Saturday, 2 June 2012

Elephant No. 244: Rhubarb-Apple Crumble

A few days ago, neighbours gave us some lovely fresh rhubarb from their country home. Since today marks two-thirds the way through this yearlong project, I thought I'd celebrate by making a rhubarb crumble.

Sometimes called "fruit crisps", fruit crumbles are prepared with a streusel-style topping, and may or may not include a struesel bottom crust. Although the mixture of sugar, butter and crumbs that constitutes streusel is German in origin, fruit crumble is thought to be American. It is also relatively recent, first showing up in cookbooks in the early 1920s.

Fruit crumbles can be made with whatever fresh fruit is in season: peaches, pears, apples, berries, apricots, plums and so forth. The first fruit crumble was made with apples, soon adapted to include rhubarb as a tart counterpart to the apples.

Rhubarb itself has an interesting history, and wasn't always the lowly, common food it has become in North America. Used by the Chinese for millennia as a medicinal herb, rhubarb was once one of the most valuable commodities traded along the Silk Road, often listed in the same breath as silk, rubies, diamonds and pearls. Native to the Russian steppes, it actually gets its name from a conflation of the Scythian rha and Greek barbarum: both words for the Volga River, along which the plant grew.

Rhubarb stalks and leaves. Only the stalk is edible—the leaves
are toxic, due primarily to a high concentration of oxalic acid.

Rhubarb was originally a savoury or medicinal food, and wasn't included in desserts until sugar became more readily available in Europe during the seventeenth century. Rhubarb didn't arrive in North America until the 1820s, but has since been naturalized across the continent. Almost everyone I know has grown rhubarb in a family garden at some point—usually as a food crop, but also for the rich brown dye it produces. In northern regions, where nut trees wouldn't grow, rhubarb was once considered an excellent substitute for the dye produced from walnut husks.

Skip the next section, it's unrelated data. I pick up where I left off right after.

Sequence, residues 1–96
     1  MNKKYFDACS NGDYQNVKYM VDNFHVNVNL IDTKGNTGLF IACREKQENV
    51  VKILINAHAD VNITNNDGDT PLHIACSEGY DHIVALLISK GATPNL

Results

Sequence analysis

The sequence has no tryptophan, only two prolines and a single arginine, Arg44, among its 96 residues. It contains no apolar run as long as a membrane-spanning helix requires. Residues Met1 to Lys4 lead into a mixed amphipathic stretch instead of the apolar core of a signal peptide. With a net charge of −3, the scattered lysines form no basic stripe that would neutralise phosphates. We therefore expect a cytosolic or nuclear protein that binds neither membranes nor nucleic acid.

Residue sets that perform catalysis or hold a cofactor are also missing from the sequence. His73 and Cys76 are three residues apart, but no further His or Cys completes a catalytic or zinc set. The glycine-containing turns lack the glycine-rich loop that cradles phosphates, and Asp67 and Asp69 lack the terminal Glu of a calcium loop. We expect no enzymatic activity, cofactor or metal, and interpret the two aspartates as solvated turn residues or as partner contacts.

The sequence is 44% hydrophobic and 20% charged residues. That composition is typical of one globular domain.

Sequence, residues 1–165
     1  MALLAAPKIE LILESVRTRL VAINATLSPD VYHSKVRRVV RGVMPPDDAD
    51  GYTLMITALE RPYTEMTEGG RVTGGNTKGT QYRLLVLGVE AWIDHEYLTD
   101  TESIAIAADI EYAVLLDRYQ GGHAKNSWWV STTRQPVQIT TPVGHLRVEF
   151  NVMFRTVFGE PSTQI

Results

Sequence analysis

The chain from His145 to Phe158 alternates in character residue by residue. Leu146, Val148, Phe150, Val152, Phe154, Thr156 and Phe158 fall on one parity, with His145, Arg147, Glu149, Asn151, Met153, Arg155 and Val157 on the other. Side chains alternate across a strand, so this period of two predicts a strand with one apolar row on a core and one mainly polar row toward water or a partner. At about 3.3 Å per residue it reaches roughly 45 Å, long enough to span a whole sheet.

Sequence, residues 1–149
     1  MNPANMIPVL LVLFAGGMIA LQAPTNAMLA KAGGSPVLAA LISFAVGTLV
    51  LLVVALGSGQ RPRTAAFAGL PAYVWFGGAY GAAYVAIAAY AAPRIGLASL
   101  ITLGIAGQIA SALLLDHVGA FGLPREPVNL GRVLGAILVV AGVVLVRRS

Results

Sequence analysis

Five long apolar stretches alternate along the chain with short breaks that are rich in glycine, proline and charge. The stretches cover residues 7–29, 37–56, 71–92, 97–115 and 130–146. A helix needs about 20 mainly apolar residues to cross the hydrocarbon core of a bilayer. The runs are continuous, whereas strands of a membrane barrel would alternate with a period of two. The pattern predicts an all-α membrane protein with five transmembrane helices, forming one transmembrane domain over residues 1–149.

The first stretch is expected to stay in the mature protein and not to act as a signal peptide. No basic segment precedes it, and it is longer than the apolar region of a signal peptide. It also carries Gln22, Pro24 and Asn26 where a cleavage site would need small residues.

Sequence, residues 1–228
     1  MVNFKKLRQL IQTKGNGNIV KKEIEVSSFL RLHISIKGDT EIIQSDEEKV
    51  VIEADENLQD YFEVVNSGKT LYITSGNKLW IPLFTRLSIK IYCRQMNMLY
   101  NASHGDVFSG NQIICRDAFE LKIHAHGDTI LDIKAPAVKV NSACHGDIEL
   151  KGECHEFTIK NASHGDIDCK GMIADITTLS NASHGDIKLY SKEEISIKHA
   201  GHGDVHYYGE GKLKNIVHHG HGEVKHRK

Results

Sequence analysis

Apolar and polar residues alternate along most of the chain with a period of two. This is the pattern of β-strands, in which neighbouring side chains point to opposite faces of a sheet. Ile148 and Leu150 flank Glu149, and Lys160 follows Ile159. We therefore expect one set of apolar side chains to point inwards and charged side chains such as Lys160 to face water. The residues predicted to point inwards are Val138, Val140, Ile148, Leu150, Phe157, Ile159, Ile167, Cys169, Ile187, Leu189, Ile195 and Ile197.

Although I've eaten fruit crumbles many times, I don't think I've ever made one, so this could be interesting. Despite having enough rhubarb to make a rhubarb crumble, I liked the idea of a crumble that included apples as well. I also liked the idea of a crumble that had a bottom crust, so I looked online, and combined the things I liked best about several recipes.

This was my final recipe:

Elephant a Day Rhubarb-Apple Crisp

4 cups (1000 ml) fruit—I used 2 cups (500 ml) of rhubarb and 2 cups (500 ml) of apples
3/4–1 cup (180–250 ml) sugar, depending on sweetness of fruit
2 Tbsp (30 ml) flour
1/2 tsp (2 ml) cinnamon
1/2 tsp (2 ml) almond flavouring

Topping and Crust
1 cup (250 ml) flour
3/4 cup (180 ml) uncooked rolled oats
1/4 cup (60 ml) unsweetened coconut (optional)
1/4 cup (60 ml) chopped nuts (optional)—I used crumbled, sliced almonds
1/2 tsp (2 ml) cinnamon
1 cup (250 ml) brown sugar
1/2 cup (125 ml) melted butter—shortening, margarine or vegetable oil can be substituted

1. Blend topping/crust ingredients, and press half of the mixture into a 23 x 23 cm (9 x 9 inch) baking pan.  

2. Mix together cut fruit with other filling ingredients and layer on top of crust.

3. Sprinkle remaining topping/crust mixture over fruit.

4. Bake at 350˚F (175˚C) for 45 minutes, or until crust is lightly browned and fruit bubbles up.

I started by making the topping/crust mixture, blending it largely with my fingers.